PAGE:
N2 - This article examines the extent to which Access to Higher Education courses can be defined as communities of practice. Other studies have already revealed the importance of mutual engagement and supportive relationships between students and between students and tutors in facilitating learning. While previous studies carried out on Access to HE (AHE) courses in England and Wales have largely focused on single colleges, the study that this article draws on was carried out in three urban further education (FE) colleges using a linked case studies design and a social interactivist lens. It investigated mature students’ perspectives of their changing learning identities through their developing relationships with their tutors and with each other during their AHE courses. Qualitative data was collected from five to six self-selecting AHE students in each college using focus group interviews and from their tutors using individual interviews. The findings suggest that the AHE students in this study generally participated and interacted in a supportive and collaborative way, guided by their tutors, and how and why they did this. This mutual engagement around particular core values helped to construct communities of practice, although some students remained peripheral participants. Within these communities were considerable inequalities of power, largely sustained by the institutional structures and professional discourses within which the AHE courses were located.

AB - This article examines the extent to which Access to Higher Education courses can be defined as communities of practice. Other studies have already revealed the importance of mutual engagement and supportive relationships between students and between students and tutors in facilitating learning. While previous studies carried out on Access to HE (AHE) courses in England and Wales have largely focused on single colleges, the study that this article draws on was carried out in three urban further education (FE) colleges using a linked case studies design and a social interactivist lens. It investigated mature students’ perspectives of their changing learning identities through their developing relationships with their tutors and with each other during their AHE courses. Qualitative data was collected from five to six self-selecting AHE students in each college using focus group interviews and from their tutors using individual interviews. The findings suggest that the AHE students in this study generally participated and interacted in a supportive and collaborative way, guided by their tutors, and how and why they did this. This mutual engagement around particular core values helped to construct communities of practice, although some students remained peripheral participants. Within these communities were considerable inequalities of power, largely sustained by the institutional structures and professional discourses within which the AHE courses were located.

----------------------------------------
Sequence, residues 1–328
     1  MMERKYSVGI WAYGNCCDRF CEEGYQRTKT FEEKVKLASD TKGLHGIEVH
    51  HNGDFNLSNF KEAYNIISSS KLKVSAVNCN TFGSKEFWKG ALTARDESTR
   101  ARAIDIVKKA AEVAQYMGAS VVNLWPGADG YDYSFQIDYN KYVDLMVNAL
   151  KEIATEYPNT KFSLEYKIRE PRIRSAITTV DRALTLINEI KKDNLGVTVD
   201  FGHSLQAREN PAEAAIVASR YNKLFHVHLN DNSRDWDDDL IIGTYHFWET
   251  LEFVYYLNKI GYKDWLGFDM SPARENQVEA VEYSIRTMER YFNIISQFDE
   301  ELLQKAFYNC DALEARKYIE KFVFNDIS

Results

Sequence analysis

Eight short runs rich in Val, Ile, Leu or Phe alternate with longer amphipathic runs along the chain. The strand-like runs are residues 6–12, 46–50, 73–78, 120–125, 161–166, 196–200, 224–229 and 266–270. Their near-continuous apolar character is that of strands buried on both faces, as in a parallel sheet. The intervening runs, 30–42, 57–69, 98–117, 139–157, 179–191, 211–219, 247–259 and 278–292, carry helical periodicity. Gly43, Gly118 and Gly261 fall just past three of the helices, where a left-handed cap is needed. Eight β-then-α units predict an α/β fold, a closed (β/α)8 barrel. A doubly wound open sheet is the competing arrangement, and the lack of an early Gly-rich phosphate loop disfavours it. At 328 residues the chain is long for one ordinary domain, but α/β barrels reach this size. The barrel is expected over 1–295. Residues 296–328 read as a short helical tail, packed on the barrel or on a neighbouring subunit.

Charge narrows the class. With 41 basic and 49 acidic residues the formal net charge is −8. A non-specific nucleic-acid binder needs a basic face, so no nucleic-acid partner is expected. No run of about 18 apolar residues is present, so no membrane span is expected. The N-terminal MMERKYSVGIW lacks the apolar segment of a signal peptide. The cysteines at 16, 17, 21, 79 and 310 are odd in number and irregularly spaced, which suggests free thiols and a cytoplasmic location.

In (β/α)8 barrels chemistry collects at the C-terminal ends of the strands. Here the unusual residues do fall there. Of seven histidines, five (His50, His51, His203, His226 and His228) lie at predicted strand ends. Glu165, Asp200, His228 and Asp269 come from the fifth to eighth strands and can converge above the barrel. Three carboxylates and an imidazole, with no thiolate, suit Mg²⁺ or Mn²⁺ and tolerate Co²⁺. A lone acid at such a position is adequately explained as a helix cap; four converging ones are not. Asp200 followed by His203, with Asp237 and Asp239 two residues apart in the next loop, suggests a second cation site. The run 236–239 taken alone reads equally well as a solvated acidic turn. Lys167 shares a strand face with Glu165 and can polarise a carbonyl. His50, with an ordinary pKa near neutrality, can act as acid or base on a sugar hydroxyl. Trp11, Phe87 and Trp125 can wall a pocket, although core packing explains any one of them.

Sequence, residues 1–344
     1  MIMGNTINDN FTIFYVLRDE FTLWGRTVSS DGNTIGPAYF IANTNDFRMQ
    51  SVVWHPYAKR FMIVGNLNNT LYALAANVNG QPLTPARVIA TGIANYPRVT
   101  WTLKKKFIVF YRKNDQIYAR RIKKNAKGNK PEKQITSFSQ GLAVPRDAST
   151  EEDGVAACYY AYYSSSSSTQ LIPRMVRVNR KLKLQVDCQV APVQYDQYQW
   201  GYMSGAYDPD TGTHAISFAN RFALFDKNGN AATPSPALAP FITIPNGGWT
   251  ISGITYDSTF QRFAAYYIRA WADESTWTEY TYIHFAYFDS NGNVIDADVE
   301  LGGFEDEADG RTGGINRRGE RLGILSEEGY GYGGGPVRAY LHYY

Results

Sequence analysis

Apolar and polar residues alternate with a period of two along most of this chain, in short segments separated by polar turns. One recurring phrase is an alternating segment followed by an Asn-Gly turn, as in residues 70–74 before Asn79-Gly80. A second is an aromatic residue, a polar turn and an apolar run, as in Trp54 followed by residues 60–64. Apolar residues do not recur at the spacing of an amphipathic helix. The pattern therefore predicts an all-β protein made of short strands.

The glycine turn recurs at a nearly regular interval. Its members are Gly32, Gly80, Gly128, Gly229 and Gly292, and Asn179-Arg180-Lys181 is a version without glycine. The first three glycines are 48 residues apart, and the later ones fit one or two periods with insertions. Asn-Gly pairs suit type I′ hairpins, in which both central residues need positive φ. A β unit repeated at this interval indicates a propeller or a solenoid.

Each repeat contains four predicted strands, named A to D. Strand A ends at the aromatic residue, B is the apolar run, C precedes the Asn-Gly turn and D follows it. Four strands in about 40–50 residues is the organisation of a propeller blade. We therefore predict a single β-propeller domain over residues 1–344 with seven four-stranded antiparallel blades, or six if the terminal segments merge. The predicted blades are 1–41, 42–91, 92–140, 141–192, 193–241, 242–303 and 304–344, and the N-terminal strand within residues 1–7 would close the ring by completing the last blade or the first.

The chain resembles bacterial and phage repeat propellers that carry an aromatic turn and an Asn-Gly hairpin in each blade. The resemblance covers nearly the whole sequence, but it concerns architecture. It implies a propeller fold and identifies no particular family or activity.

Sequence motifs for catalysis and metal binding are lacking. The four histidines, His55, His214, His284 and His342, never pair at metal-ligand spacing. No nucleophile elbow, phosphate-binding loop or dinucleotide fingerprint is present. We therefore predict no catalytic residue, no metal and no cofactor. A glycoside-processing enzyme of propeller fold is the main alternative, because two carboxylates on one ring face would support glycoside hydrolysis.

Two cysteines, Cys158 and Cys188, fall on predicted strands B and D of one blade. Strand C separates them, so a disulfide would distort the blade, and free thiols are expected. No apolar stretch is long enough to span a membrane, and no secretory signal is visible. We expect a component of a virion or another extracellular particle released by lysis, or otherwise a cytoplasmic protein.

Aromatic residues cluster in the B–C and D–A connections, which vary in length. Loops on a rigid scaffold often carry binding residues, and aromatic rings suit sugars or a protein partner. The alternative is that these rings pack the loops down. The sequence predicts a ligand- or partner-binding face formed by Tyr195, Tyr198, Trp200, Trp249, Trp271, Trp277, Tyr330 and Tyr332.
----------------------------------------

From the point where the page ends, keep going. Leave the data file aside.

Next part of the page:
U2 - 10.1080/0309877X.2015.1014319

DO - 10.1080/0309877X.2015.1014319

M3 - Journal article

VL - 40

SP - 765

EP - 779

JO - Journal of Further and Higher Education

JF - Journal of Further and Higher Education

SN - 0309-877X

IS - 6

ER -